Chef Steps Grilling Elixer

Grilling Elixer

This grilling elixir is amazing on any cut of meat or veggie where you want to add a deeper flavor and color. It adds a pleasant marinade flavor fast, and the sugars help the crust develop faster when you’re finishing meats (that were already cooked sous vide) hot and fast on the grill.
Prep Time 5 mins
Cook Time 0 mins
Servings 1 cup


  • 60 g Molasses
  • 90 g Clover honey
  • 150 g Worcestershire sauce
  • 35 g Wright’s hickory liquid smoke


  • Combine the molasses and honey in a microwave safe bowl or glass liquid measuring cup. Microwave on high for 15 seconds. This will warm the syrups up just enough to make them more fluid and easier to mix with the other ingredients.
  • Add the remaining ingredients to your warmed sugars and stir well to combine. Then transfer the elixir into your spray bottle.
  • The amount of elixir to add to the bag should be 2 percent by weight of the protein. This quantity will be sufficient to flavor the meat and penetrate deeper than the surface. Example: If you have 500 g of chicken breast, add 10 g of elixir into the bag.
  • Spray again when you go to finish your meat on the grill, under the broiler or roasting in the oven.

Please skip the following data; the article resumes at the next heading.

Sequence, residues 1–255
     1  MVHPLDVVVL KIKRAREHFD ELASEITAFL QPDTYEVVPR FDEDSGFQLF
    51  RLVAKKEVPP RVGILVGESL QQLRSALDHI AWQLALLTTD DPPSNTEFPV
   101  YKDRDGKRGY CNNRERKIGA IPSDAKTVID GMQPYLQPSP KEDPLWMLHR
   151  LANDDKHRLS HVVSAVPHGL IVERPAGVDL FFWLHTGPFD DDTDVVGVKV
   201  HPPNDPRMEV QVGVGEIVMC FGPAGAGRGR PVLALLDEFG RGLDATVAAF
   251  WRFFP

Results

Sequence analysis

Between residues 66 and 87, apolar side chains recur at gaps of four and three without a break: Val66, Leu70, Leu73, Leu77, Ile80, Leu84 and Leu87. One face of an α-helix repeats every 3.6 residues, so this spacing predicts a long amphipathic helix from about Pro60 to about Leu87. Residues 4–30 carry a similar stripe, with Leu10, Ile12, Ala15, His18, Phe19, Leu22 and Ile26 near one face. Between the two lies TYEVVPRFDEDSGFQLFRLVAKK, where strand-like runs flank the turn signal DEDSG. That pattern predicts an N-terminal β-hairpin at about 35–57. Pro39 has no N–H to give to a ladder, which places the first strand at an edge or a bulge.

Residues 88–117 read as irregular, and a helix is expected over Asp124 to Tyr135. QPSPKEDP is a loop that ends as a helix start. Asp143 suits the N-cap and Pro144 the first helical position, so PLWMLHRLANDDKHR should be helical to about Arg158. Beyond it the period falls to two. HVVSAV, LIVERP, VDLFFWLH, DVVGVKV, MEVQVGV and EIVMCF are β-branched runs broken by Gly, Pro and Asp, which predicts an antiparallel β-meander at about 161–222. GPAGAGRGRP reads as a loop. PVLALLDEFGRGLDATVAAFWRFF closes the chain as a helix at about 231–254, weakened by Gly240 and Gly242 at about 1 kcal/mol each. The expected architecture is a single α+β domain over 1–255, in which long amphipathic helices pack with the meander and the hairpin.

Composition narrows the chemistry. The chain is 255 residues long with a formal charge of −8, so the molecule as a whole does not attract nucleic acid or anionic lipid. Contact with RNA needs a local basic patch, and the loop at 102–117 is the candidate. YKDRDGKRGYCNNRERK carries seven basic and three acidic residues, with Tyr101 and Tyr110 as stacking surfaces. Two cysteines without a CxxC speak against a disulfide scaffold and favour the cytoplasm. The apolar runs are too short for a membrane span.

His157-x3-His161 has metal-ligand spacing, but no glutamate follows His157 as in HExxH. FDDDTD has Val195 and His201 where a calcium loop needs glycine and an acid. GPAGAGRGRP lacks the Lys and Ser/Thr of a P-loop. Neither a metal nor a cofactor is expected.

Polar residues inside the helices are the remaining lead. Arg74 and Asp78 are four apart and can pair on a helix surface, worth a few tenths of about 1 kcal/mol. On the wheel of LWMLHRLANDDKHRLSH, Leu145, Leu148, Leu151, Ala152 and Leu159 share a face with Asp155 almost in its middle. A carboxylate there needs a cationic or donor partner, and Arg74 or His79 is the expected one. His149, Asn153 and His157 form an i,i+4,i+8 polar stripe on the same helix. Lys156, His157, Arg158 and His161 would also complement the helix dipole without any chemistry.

The Maillard reaction is the ultimate flavor-creating reaction that occurs during cooking. It begins as a simple interaction between the amino acids and sugars found in all protein-rich foods, but quickly becomes more elaborate as molecules continue reacting in more complex ways. These chain reactions generate hundreds of new aromatic molecules that make food smell delicious—the characteristics of roasting meat, grilling fish, baking bread, and sizzling bacon.
The Maillard reaction occurs noticeably above 266 °F / 130 °C and speeds up as temperatures reach 356 °F / 180 °C. Above those temps, pyrolysis—(or burning)—occurs, resulting in charred, bitter flavors. Conversely, the reaction slows to a crawl below 266 °F / 130 °C. A reaction that happens in minutes at 302 °F / 150 °C can take hours at 248 °F / 120 °C or even weeks at 140 °F / 60 °C.
One way to accelerate the Maillard reaction is to change the amount of “reducing sugars” (things like glucose, fructose, lactose, maltose, and more exotic sugars like ribose) and the availability of amino acids on the surface of the food. Adding one of these reducing sugars to the surface of food will accelerate and intensify the reaction—even at lower temperatures—improving the flavor profile.
Keyword Marinade, Sauce

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